• California Syrah: Napa 1999-2006, Paso Robles 2004 and 2006, Sonoma 2002-2006
  • Washington: 2005 and 2006

I keep this short list in mind as I peruse wine lists in restaurants and when I go to wine stores. This helps me pick out the best bargains. It's led me to some of my favorites including:

  • 2004 Vina Santurnia, Tempranillo from Ribera del Duero, Spain
  • 2004 and 2005 Peter Lehmann Shiraz, from McLaren Vale, Australia (ok in all fairness, a friend brought a bottle of this over for dinner, bit I've continued to test the vintage/region combination and am pleased with it)
  • 2005 Chateau Ste. Michelle Cabernet Sauvignon, from Washington

Last week I was out for happy hour with a friend at my favorite wine bar in town (Bodega Wine Bar in Santa Monica) and I ordered a bottle I'd never heard of, but it was a 2005 Tempranillo from Ribera del Duero and since I love that Vina Santurnia I figured it was worth a shot. We both enjoyed the wine!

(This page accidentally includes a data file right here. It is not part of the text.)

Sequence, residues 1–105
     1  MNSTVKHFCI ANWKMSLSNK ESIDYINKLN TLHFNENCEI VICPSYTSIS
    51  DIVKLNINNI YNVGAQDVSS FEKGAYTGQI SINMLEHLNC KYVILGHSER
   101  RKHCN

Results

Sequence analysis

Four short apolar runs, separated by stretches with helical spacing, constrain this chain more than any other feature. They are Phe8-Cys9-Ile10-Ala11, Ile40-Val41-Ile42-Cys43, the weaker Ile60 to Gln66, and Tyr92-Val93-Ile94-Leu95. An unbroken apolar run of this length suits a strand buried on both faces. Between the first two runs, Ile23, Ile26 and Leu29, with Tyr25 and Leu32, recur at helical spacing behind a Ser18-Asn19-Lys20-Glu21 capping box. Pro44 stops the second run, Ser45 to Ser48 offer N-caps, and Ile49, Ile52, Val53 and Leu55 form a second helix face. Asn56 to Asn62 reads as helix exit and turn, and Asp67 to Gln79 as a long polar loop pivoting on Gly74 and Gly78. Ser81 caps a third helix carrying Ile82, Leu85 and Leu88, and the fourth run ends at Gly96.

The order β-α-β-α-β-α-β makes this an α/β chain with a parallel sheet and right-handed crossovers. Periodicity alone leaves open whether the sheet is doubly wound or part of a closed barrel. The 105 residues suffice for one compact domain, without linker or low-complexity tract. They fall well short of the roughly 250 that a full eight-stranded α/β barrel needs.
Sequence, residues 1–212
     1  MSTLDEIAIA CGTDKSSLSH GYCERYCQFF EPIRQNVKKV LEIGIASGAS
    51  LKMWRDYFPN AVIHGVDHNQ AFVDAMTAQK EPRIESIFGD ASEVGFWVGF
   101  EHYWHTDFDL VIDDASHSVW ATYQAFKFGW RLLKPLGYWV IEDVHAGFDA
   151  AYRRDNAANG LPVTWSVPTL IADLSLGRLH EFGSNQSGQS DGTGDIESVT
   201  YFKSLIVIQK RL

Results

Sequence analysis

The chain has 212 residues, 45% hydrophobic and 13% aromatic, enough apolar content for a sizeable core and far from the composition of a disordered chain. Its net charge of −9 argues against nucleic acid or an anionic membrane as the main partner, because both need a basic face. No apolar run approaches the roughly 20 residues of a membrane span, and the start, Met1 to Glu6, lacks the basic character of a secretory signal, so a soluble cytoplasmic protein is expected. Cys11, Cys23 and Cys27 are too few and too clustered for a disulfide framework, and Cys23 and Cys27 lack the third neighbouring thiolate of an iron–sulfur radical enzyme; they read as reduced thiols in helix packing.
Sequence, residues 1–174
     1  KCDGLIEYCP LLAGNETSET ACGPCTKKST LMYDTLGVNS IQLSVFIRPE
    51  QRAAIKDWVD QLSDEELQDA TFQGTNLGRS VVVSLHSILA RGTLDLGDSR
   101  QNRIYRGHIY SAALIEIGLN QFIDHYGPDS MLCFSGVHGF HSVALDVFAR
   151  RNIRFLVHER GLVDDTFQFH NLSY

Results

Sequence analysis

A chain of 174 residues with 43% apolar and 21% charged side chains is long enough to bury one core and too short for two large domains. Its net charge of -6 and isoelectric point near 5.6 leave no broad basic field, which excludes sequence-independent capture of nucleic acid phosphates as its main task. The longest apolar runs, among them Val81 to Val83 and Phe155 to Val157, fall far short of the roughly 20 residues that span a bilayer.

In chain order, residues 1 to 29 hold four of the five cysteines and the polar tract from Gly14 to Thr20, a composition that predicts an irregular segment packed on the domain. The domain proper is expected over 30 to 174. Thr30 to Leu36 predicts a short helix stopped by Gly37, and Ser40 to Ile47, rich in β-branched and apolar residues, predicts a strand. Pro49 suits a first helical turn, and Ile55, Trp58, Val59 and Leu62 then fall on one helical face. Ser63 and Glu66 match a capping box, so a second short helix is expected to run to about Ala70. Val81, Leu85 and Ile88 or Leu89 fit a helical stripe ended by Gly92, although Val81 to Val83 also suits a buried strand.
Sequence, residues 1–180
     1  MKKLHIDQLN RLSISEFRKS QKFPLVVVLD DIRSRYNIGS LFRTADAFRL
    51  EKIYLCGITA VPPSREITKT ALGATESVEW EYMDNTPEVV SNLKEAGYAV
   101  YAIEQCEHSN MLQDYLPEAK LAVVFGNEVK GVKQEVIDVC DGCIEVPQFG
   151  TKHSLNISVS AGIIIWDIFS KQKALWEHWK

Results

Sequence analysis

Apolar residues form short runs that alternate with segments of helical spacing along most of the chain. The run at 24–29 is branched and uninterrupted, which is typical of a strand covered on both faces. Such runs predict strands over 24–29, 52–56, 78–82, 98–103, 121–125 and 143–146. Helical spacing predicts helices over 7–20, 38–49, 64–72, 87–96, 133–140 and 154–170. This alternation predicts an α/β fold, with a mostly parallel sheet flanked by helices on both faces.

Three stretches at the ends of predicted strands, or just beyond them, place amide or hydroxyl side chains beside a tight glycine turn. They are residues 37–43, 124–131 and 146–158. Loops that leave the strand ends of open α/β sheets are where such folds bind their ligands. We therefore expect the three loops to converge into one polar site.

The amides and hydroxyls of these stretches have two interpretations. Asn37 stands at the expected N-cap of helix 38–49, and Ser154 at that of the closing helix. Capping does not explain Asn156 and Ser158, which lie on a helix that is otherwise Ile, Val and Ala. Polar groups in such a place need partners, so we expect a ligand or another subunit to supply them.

Try this! If you don't have a Wine Spectator online subscription and you don't want to purchase one just to get your hands on this list, I found pre-printed copies of it at my favorite local wine store… yours might have them, too. It's called the Vintage Ratings chart.

Vina Santurnia (Rioja, Spain): A lesson in vintages

Posted on by Arianna Armstrong in Jess' Wine Tasting Notes | 1 Comment
2005 Vina Santurnia

2005 Vina Santurnia

One of our favorite stores for buying wine is The Wine House on Cotner in West Los Angeles. We like it because the prices and selection are great, the staff is knowledgable, it's close to home (which in LA is a bigger deal than it ought to be), and we can always order more of whatever we fall in love with.